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It's like 1984 all over again.
Amazon may be in the process of stirring up some more trouble for itself thanks to reports that the company is deleting certain kinds of erotica from both the online store and users' devices. The erotica in question is controversial: it talks about certain acts of incest. Judging from Amazon's most recent bouts with book "censorship," users who have already paid for the deleted content are likely to get fired up.
The article goes on to say how one customer who complained about how their content that they paid for disappeared from their Kindle received only chastising remarks from Amazon about the severity of the item they purchased.
Meanwhile, the Strict Leather Forced Orgasm Belt remains on the virtual shelves of online retailer.
Pogue's Post at NYT.com
Anyway, there’s one peculiar strand of humor, one tiny, specific corner of the Internet, that gets me every time: it’s when everybody gangs up on some obscure or ridiculous product on Amazon.com and leaves bogus reviews for it. It’s awe-inspiring how people seem to arrive as though orchestrated by a leader who doesn’t exist, and how their reviews seem legitimate at first glance but become screamingly hilarious once you figure out what’s going on.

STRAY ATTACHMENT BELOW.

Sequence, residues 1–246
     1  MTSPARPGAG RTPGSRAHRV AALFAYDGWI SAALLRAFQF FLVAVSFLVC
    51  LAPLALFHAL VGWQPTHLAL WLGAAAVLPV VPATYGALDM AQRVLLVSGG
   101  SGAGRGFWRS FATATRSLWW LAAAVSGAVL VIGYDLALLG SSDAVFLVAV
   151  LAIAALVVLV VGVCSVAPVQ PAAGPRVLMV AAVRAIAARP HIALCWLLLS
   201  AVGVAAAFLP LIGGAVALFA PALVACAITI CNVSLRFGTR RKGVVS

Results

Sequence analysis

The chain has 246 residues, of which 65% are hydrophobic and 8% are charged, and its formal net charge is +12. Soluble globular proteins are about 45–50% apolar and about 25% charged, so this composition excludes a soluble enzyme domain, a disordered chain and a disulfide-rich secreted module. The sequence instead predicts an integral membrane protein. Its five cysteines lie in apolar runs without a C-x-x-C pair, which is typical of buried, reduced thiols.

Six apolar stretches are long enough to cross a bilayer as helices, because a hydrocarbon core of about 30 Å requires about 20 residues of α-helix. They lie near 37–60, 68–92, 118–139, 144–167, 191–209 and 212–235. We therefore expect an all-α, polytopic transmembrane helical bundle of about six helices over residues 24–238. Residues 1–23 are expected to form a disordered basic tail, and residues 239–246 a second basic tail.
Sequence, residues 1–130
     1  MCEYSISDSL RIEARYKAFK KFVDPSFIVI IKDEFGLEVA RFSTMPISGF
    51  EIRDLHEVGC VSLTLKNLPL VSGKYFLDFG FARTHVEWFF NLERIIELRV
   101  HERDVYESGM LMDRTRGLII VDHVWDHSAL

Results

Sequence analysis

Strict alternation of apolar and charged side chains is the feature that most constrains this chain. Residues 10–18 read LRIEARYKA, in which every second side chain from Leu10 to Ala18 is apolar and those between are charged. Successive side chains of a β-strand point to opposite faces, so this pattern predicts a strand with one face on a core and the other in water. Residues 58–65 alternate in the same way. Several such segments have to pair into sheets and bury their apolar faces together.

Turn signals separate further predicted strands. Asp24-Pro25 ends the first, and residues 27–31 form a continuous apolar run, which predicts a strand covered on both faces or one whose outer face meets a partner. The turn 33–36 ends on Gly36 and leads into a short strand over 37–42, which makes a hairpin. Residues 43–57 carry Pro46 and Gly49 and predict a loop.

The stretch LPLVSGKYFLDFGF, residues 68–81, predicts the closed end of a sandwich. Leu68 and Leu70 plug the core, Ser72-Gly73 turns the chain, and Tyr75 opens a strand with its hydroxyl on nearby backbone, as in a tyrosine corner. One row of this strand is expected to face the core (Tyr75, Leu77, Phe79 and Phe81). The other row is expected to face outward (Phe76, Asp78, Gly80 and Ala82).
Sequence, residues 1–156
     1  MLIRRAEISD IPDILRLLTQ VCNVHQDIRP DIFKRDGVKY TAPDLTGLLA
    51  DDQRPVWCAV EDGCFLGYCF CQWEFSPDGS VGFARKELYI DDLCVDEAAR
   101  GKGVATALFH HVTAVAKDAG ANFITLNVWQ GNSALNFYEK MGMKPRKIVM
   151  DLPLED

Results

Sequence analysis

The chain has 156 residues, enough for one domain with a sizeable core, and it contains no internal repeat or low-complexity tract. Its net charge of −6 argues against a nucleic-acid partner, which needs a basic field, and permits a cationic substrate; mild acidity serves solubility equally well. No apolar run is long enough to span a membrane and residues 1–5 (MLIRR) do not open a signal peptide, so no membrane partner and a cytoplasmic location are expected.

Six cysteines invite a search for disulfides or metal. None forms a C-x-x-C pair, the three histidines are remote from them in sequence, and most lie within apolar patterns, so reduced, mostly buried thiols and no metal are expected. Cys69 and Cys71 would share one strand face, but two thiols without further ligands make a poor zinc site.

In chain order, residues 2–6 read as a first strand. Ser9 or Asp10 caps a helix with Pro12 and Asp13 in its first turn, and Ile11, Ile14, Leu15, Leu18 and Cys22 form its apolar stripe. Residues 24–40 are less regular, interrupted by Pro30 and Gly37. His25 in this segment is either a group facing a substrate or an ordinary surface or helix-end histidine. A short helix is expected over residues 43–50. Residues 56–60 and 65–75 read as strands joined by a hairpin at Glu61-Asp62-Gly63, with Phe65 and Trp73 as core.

Among its many services, Amazon.com offers hosting for websites in the form of data storage. When Wikileaks dumped a massive cache of diplomatic cables onto the Internet, it didn't take long for some technologically minded people to find out that Amazon had been hosting Wikileaks' data and content for quite some time. Yet, after the blow up over the cables, Amazon tossed Wikileaks from their servers, siting violations of their terms of service.
Amazon is backpedaling after initially coming to the defense of one of its electronic book authors, a man selling a how-to-guide for pedophiles.
"Amazon believes it is censorship not to sell certain books simply because we or others believe their message is objectionable," the company said in a statement. However, after receving massive media attention, the book self-published by Phillip R. Greaves II, The Pedophile's Guide to Love and Pleasure: A Child-lover's Code of Conduct, has been removed quietly from the Kindle store.